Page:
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Math Help - Proof with Transformations and Subspaces

  1. #1
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    Proof with Transformations and Subspaces

    I have this proof that I cannot figure out. If anyone could give me a little headstart that would be great. I am still struggling to fully grasp the concepts so maximum explanation is useful please.

    Also I dont know how to make the perp symbol that looks like an upside down T so ill use an L instead.
    V^L=V perp
    W c V means W is a subspace of V

    Suppose that A is a real symmetric n x n matrix. Show that if V is
    a subspace of Rn and that A(V) c V, then A(V^L) c V^L.

    Proof with Transformations and Subspaces-screen-shot-2010-11-29-11.32.53-pm.png

    Any help??!?!
    Thanks
    Last edited by BrianMath; November 29th 2010 at 07:34 PM. Reason: more clarity
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  2. #2
    MHF Contributor FernandoRevilla's Avatar
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    If y\in V^{\perp} then, for all x\in V we have:

    <Ay,x>=(Ay)^tx=y^tA^tx=y^tAx=<y,Ax>

    But by hypothesis Ax\in V, so:

    <y,Ax>=0=<Ay,x>\;\forall x\in V

    That is, Ay\in V^{\perp} .

    Regards.

    Fernando Revilla
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  3. #3
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    Quote Originally Posted by BrianMath View Post
    I have this proof that I cannot figure out. If anyone could give me a little headstart that would be great. I am still struggling to fully grasp the concepts so maximum explanation is useful please.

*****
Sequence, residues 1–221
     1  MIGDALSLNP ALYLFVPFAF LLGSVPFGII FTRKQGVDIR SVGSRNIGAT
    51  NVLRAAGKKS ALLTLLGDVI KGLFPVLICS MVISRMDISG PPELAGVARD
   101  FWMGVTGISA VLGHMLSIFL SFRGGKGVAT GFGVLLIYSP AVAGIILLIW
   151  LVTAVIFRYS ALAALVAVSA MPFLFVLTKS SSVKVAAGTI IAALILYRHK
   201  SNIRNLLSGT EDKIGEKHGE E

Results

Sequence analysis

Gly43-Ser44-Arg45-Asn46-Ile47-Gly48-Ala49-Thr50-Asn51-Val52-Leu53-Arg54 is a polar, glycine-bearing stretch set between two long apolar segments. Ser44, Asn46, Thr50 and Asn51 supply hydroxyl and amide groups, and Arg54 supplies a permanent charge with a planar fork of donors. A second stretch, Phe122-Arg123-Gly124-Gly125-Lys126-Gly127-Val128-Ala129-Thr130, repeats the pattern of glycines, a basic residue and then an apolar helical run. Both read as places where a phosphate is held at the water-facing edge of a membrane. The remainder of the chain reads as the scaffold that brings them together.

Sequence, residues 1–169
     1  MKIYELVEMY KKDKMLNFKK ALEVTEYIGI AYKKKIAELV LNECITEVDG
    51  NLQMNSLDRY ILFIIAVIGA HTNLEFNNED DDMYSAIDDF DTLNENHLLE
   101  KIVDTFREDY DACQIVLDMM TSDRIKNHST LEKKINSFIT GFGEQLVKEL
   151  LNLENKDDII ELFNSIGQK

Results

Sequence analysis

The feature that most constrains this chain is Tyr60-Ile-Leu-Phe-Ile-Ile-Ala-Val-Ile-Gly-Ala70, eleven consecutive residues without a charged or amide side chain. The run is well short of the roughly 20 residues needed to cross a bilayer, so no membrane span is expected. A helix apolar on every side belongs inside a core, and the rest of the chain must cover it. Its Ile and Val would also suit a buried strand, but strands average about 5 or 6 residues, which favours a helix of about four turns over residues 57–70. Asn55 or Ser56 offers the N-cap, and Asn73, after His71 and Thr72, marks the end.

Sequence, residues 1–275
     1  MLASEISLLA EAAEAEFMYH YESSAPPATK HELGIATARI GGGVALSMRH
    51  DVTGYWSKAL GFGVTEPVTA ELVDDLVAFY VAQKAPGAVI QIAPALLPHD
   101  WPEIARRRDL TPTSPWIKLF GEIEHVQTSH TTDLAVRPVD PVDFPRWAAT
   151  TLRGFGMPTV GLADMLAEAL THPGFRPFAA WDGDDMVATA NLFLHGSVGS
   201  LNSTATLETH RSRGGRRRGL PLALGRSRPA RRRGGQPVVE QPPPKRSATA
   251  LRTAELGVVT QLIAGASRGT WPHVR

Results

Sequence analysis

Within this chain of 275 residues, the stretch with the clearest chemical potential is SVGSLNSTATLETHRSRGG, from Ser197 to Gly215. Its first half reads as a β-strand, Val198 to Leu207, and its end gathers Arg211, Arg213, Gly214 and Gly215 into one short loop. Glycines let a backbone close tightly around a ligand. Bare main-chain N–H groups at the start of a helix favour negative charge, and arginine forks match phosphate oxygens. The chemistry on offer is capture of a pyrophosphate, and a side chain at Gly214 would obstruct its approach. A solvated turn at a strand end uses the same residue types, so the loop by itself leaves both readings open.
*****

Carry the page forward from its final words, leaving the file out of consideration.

Also I dont know how to make the perp symbol that looks like an upside down T so ill use an L instead.
    V^L=V perp
    W c V means W is a subspace of V

    Suppose that A is a real symmetric n x n matrix. Show that if V is
    a subspace of Rn and that A(V) c V, then A(V^L) c V^L.

    Click image for larger version. 

Name:	Screen shot 2010-11-29 at 11.32.53 PM.png 
Views:	11 
Size:	18.5 KB 
ID:	19900

    Any help??!?!
    Thanks


    Denote by \langle,\rangle the usual inner product in \mathbb{R}^n , so that y\in L^\bot\Longleftrightarrow \langle x,y\rangle=0\,\,\,\forall x\in L

    Since A is symmetric this means it is self-adjoint , so \langle Av,u\rangle=\langle v,Au\rangle,\,\,\,\forall u,v\in\mathbb{R}^n

    Let now x\in L^\bot\Longrightarrow \langle x,v\rangle=0\,\,\,\forall v\in L , and thus for any v\in L we get:

    \langle Ax,v\rangle=\langle x,Av\rangle = 0 , since Av\in L by assumption.

    Tonio
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  4. #4
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    Thanks

    Damn, this is a lot simpler than I thought. I should have thought of this myself. I was trying things with the basis of V and some other things that were just unnecessary haha.
    Thanks a bunch.
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